Thus, Mr. Peanutbutter keeps dating women in their 20s and they outgrow him. Putting these parties together works perfectly with Mr. Peanutbutter’s recurring struggles. Not to mention the episode couples together issues with the rest of the cast, from BoJack welcoming Todd into his home after learning about his dad’s death to Princess Carolyn always manning door duty. Also, be on the lookout for some quirky year-specific Halloween costumes of different people dancing in the background of scenes.

Avatar: The Last Airbender – “The Puppetmaster” (Season 3, Episode 8 )

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The phrase “blood bending” is unsettling as spoken. That is part of what makes “The Puppetmaster” so shocking. Katara meets Hama (Tress MacNeille), the last water bender from the Southern Water Tribe hiding amongst firebenders in a mysterious fire nation village. There, people have been going missing during a full moon. Hama reveals to Katara that she has been using her blood bending during every full moon to imprison people in this town as revenge for the war. They fight, with Hama using her blood bending to control Aang and Sokka.

While the episode features standard Avatar jokes from Sokka, most of this episode is darker in tone. It starts with the characters telling ghost stories by the fire and Toph hearing the prisoners screaming under the mountain. The Gaang finds puppets stowed away in Hama’s house looking for clues. The score is heightened by pinpoint music box notes and disarming piano music that fits more with a horror film than an episode of Avatar. Not to mention the imagery of Hama gaining power from a full moon.

Also, the frightening nature comes from a different perspective about the war. Hama believes that blood bending is her salvation, given that her blood blending allowed her to walk out of the fire nation prison with ease. Now, she only uses it to imprison innocent people and tries to force Katara to share her trauma and use it to punish anyone in the fire nation. Avatar rolls through many different versions of the war, from Zuko’s family to Master Jeong Jeong becoming disenfranchised from fire bending. Here, “The Puppetmaster” uses a darker tone and a horror-like story to detail the haunting nature of war, the horrible inventions people create to survive, and the effects they have on later generations.

Tuca and Bertie – “Corpse Week” (Season 2, Episode 8 )

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This episode is centered around Tuca and Bertie visiting their families during Cadaveri or Corpse Week. That alone should be enough to engage with this Halloween-inspired episode. “Corpse Week” excels for many reasons, namely the use of holidays and dark stories to examine familial issues.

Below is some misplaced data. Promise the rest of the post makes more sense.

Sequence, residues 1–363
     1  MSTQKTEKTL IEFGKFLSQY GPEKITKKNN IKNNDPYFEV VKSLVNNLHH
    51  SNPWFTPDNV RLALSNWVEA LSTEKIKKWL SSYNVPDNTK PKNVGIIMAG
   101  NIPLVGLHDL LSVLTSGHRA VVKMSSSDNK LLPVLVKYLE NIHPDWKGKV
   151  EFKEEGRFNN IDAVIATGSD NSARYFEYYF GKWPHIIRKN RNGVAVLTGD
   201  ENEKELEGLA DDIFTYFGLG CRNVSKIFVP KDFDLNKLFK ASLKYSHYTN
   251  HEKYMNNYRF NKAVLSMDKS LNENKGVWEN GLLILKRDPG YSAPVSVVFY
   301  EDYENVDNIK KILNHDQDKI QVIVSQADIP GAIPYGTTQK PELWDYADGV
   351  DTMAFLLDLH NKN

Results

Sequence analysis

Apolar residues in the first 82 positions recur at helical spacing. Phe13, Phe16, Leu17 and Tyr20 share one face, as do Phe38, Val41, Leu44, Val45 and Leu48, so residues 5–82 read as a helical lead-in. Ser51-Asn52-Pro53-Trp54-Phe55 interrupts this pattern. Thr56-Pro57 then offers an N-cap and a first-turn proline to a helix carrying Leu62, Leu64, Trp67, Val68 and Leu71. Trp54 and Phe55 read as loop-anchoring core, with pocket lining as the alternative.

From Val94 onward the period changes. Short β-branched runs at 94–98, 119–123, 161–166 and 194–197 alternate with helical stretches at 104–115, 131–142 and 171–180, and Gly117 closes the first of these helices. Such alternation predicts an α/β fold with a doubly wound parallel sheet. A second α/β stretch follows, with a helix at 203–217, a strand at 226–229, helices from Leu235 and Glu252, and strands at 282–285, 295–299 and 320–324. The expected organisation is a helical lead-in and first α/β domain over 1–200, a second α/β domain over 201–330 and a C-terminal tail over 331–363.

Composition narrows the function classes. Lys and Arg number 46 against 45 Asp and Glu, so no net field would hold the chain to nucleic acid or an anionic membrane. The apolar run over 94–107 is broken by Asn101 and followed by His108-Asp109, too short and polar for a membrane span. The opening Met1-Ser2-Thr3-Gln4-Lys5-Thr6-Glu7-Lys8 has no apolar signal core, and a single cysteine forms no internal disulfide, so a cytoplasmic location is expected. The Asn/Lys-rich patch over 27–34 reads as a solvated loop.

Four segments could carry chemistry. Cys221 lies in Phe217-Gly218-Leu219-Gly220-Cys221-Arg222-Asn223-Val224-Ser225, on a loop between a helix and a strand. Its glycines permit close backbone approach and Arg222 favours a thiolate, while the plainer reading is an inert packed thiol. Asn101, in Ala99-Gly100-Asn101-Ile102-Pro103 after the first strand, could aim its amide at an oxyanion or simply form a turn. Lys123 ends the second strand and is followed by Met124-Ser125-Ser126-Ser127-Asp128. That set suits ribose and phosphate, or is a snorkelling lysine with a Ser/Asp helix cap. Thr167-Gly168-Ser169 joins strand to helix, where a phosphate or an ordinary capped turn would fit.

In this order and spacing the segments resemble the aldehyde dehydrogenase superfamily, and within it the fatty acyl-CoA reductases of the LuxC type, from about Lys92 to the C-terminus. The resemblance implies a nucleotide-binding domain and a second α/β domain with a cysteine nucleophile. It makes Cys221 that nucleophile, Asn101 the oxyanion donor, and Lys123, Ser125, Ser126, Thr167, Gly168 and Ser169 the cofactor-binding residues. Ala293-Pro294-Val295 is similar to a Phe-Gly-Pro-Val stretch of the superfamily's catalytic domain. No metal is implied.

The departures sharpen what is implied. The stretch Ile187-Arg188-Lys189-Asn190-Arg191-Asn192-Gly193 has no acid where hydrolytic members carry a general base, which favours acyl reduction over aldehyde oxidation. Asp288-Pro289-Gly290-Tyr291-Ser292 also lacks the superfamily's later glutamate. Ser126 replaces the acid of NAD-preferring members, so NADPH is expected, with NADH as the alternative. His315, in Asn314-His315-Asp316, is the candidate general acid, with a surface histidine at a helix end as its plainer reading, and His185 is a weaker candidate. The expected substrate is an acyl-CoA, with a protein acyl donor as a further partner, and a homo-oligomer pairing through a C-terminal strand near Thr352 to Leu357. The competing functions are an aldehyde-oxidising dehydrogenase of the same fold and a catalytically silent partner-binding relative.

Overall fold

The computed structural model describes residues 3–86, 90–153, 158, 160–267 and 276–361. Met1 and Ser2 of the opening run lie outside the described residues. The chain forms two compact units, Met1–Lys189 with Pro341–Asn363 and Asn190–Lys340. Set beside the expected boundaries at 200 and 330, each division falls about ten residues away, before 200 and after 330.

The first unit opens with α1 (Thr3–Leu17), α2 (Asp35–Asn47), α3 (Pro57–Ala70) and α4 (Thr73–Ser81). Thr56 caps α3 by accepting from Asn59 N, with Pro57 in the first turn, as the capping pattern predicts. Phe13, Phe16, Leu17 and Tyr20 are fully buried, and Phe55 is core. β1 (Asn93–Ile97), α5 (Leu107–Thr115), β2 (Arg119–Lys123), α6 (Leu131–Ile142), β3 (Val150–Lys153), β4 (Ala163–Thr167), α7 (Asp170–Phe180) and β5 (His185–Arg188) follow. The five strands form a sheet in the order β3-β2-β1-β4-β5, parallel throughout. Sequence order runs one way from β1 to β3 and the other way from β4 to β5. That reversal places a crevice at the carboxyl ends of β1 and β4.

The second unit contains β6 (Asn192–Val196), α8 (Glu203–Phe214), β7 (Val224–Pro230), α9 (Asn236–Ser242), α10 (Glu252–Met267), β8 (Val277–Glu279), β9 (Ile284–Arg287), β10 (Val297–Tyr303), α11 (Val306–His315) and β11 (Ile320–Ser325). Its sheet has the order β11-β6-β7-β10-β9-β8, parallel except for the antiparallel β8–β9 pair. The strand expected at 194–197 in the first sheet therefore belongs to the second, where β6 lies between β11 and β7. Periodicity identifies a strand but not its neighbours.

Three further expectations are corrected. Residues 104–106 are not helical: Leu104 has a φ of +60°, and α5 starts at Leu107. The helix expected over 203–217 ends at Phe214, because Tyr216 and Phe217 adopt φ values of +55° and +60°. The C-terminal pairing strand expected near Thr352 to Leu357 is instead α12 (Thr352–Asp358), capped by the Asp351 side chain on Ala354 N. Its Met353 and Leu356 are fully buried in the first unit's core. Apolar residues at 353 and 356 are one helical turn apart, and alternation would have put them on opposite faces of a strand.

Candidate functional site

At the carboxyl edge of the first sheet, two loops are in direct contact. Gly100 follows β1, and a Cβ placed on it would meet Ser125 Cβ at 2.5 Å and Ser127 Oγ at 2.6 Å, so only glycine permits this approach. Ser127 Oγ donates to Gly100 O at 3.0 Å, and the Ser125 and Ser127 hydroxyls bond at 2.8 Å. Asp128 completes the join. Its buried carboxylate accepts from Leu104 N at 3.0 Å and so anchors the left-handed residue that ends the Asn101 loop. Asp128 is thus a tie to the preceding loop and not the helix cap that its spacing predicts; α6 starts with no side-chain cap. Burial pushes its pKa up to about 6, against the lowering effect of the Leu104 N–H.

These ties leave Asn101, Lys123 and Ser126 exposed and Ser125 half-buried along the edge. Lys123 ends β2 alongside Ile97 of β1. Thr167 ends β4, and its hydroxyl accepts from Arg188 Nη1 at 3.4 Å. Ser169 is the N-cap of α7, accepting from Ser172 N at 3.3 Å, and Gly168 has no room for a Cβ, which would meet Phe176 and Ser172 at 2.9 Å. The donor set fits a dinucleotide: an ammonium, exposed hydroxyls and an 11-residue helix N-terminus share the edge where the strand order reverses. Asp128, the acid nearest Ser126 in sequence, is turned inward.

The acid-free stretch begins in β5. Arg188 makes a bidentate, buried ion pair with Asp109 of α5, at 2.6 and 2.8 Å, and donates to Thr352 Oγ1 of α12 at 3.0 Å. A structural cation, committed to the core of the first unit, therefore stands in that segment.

This connects include Tuca’s ghost stories about a bird with a human face switching to Tuca ranting about her sister and calling her a demon – right in front of her niece. Later, Bertie notices her parents have changed their Cadaveri cake and learned that her parents never told her about her dad having surgery. Not to mention the episode features the characters going out for “yum or yell,” chanting rituals to appease their dead ancestors, and disturbing, pent-up family drama.

The episode connects with the demons haunting Tuca’s combative sister and Bertie’s emotionally distant parents. This combination – as per usual with Tuca and Bertie – leads to laughs and also phenomenal emotional moments while also connecting to the Halloween spirit.

Steven Universe – “Nightmare Hospital” (Season 2, Episode 16)

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The Cluster is one of the most horrifying threats in Steven Universe, so giving them a horror-themed episode made too much sense. Connie’s mom, Dr. Priyanka Maheswaran (Mary Elizabeth McGlynn), takes Rose’s sword away as she goes to work the night shift, unaware of Connie’s training. Steven and Connie rush to the hospital to fetch the sword but run into Dr. Maheswaran’s patients – gem mutations seeping into Beach City.

This episode plays out as a monster episode, with Steven and Connie fighting the mutations in a dark, nearly empty hospital (with voice acting veteran Dee Bradley Baker voicing one of the mutants). Also, the episode serves as a somewhat frightening moment for Connie to come clean to her parents about her involvement with the gems. It leads to an emotional moment to close the episode with Dr. Maheswaran telling her daughter that she needs her in her life and for her to be honest.

Courage the Cowardly Dog – “The Quilt Club” (Season 3, Episode 12a)